French Onion Soup

By • February 15, 2010 • 22 Comments

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Author Notes: French Onion Soup is one of the first dishes I ever taught myself to make and is still one of my favorite winter comfort foods. Here's my recipe for it on my cooking webseries, Working Class Foodies: http://www.youtube.com/watch?v=D-BRWSN2PV4wcfoodies

Food52 Review: This is almost, but not quite, the traditional French onion soup that comes to mind. It starts with a full 3 pounds of onions and some smashed garlic, which you caramelize slowly and thoroughly in butter and olive oil. You add thyme and bay leaf and some rich veal stock (homemade is highly recommended both by wcfoodies and by us), and then it's time for the crowning glory: 2 full cups of wine or beer. We used a dark ale and really liked the bit of kick that the finished soup still had after 2 plus hours on the stove. Take your time with the onions, and use the three-cheese combo instead of a deli slice. And don't forget to put a piece of toast in the bottom of each bowl -- it makes for a lovely surprise. - A&MThe Editors

Serves 4-6

  • 3 pounds onions
  • 3 tablespoons butter
  • 2 tablespoons olive oil
  • 4-6 cloves of garlic
  • 1 generous pinch of salt
  • a few good grinds of black peppercorns
  • 4 sprigs fresh thyme
  • 1 bay leaf
  • 4-6 cups beef, veal, and/or vegetable stock, preferably homemade
  • 2 cups red wine, preferably a burgundy, OR
  • 2 cups beer, preferably a brown ale or stout (not chocolate)
  • 1 baguette or other crusty bread
  • 4-6 deli slices of cheese, OR
  • 1/2 cup EACH of gouda, gruyere, parmesan & pecorino
  1. Slice & segment 3 pounds of onions.
  2. Melt together the butter and olive oil in a large stockpot.
  3. Crush and peel the garlic. You don't have to mince it; it will caramelize and turn soft and sweet as it cooks. Caramelize the garlic in the olive oil and butter.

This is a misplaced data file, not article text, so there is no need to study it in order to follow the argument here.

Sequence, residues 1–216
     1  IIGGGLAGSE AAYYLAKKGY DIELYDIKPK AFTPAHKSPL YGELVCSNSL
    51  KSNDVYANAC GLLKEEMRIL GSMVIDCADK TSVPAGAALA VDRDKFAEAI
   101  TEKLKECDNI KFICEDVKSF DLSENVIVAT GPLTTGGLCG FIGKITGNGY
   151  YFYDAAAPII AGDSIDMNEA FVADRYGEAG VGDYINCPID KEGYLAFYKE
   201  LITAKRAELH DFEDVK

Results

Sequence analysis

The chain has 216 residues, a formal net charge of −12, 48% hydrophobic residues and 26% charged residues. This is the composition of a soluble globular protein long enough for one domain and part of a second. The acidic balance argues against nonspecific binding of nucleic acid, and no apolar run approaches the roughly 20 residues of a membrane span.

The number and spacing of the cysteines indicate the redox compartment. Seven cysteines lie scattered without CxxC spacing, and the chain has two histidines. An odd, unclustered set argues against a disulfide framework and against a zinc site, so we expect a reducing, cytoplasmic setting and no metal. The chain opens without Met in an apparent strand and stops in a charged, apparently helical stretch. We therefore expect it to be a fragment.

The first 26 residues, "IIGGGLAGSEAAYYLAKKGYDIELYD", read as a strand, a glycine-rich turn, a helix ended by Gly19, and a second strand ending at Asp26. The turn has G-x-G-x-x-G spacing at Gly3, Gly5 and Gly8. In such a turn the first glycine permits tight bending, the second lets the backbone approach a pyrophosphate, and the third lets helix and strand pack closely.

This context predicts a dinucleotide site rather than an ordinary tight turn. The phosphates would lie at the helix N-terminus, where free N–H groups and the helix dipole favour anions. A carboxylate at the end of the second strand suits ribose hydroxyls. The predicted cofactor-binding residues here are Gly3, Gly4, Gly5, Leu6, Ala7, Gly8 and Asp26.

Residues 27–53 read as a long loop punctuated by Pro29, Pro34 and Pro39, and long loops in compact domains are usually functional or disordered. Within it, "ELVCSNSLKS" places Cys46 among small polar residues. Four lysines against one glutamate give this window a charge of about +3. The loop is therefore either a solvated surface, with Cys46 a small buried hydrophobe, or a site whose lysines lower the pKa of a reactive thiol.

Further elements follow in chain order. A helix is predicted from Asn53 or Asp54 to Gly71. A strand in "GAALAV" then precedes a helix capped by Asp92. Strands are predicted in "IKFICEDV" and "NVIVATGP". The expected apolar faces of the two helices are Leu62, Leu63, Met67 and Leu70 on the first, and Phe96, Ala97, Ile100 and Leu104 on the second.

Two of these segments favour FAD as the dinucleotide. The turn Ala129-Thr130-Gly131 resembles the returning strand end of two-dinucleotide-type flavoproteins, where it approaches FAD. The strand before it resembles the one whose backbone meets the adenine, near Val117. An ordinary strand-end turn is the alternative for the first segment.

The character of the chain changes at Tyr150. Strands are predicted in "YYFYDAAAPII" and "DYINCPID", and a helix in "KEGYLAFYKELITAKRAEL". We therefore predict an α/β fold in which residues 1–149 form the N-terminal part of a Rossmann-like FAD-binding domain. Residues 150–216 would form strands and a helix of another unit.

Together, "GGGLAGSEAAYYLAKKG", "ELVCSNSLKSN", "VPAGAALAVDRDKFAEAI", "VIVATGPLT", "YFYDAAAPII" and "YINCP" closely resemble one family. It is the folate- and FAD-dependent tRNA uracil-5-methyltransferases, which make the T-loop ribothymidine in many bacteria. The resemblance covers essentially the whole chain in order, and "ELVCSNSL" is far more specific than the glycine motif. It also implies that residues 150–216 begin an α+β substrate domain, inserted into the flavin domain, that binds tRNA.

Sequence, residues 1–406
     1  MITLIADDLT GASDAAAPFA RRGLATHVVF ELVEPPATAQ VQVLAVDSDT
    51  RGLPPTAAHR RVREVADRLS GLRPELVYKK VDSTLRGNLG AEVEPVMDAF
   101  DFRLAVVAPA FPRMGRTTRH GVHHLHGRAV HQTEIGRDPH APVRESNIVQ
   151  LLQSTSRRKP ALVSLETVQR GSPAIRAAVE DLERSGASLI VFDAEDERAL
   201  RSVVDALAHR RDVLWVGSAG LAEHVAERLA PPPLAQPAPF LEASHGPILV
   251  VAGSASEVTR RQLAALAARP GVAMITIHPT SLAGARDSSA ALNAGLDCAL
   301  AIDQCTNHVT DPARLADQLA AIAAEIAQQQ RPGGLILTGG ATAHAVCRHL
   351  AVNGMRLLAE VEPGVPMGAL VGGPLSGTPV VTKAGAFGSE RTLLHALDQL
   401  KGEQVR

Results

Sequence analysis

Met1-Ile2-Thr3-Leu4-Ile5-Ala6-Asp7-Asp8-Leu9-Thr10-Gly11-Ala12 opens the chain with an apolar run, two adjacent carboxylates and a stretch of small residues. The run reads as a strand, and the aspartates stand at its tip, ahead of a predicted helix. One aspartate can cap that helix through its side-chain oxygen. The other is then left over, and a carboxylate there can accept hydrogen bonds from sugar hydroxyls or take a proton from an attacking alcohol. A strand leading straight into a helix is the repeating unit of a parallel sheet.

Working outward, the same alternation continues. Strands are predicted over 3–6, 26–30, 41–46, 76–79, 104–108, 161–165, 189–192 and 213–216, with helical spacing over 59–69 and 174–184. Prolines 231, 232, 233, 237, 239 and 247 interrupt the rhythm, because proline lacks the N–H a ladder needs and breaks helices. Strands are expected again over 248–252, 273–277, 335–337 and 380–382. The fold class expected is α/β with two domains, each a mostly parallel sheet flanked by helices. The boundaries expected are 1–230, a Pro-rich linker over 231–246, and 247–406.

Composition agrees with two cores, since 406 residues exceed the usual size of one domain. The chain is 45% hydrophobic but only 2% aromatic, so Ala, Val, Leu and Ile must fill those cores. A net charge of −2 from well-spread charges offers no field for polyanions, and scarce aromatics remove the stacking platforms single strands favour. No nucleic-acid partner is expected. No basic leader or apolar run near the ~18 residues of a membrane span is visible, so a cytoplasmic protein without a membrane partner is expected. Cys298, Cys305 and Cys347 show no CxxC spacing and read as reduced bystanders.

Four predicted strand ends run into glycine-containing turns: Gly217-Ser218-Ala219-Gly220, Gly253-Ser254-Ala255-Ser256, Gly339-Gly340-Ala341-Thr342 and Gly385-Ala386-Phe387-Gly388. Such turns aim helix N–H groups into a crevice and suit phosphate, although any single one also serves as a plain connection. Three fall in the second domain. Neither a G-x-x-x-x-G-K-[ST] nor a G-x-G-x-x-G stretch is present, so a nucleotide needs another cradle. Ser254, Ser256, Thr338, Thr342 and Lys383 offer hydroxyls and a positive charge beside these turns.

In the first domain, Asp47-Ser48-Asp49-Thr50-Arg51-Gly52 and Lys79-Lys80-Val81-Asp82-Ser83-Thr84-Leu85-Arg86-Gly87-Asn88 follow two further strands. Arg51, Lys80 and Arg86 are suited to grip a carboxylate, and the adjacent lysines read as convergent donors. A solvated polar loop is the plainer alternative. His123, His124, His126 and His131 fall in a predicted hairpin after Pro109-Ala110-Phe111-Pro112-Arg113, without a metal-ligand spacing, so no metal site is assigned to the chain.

4. Pour in the onions, season with salt and pepper, and stir around just until the onions are all coated in the olive oil/butter.
  5. Add in the fresh thyme and the bay leaf and let the onions caramelize, about 20 minutes.
  6. Once the onions are caramelized and have cooked down, pour in the stock, about 4-6 cups depending on whether you prefer your soup more onion-y or more soup-y.
  7. Then, pour in the wine or beer and simmer, uncovered, for at least an hour and as much as three hours, tasting occasionally to adjust the flavors.
  8. Meanwhile, slice down your bread. Stale bread is perfectly okay for this, just heat it up a bit in a warm (250ºF) oven first to soften it. Toast the bread; you can rub both sides with a cut clove of garlic first, if you like. You'll want 2 pieces of bread per person - one for the bottom of the bowl, and one for on top.
  9. If you're going for the mix of cheeses, grate together about 1/2 cup each of parmesan, pecorino, gouda, and gruyere. Alternatively, you can drape a deli-cut slice of cheese (emmentaler, gruyere) over the top of the bowls, but I like to do a grated mix. Get that ready, and set it aside.
  10. Preheat your broiler. Remove the thyme sprigs and bay leaf from the soup.
  11. Arrange your oven-safe individual serving bowls or coffee mugs on a baking tray with a thin lip.
  12. TO SERVE: drop a toast slice in the bottom of each bowl. Ladle in the soup and cover with a second slice of toast. Then cover the toast with cheese. Be generous! You want the cheese to seal in the soup and drape over the edge of the bowl.
  13. Broil for a few minutes, until the cheese is brown and bubbling on top. Garnish with a little fresh thyme, and serve.
Jump to Comments (22)